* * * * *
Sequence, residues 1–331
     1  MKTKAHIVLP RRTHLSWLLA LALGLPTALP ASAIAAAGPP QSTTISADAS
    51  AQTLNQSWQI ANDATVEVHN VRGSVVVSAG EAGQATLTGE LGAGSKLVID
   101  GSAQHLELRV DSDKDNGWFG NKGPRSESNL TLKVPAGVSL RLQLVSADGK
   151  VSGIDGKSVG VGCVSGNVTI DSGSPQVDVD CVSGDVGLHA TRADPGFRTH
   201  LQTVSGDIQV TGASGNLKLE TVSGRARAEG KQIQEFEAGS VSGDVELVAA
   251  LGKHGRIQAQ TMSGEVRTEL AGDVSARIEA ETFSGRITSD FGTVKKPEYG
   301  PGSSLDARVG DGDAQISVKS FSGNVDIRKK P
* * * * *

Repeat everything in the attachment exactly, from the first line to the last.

Sequence, residues 1–331
     1  MKTKAHIVLP RRTHLSWLLA LALGLPTALP ASAIAAAGPP QSTTISADAS
    51  AQTLNQSWQI ANDATVEVHN VRGSVVVSAG EAGQATLTGE LGAGSKLVID
   101  GSAQHLELRV DSDKDNGWFG NKGPRSESNL TLKVPAGVSL RLQLVSADGK
   151  VSGIDGKSVG VGCVSGNVTI DSGSPQVDVD CVSGDVGLHA TRADPGFRTH
   201  LQTVSGDIQV TGASGNLKLE TVSGRARAEG KQIQEFEAGS VSGDVELVAA
   251  LGKHGRIQAQ TMSGEVRTEL AGDVSARIEA ETFSGRITSD FGTVKKPEYG
   301  PGSSLDARVG DGDAQISVKS FSGNVDIRKK P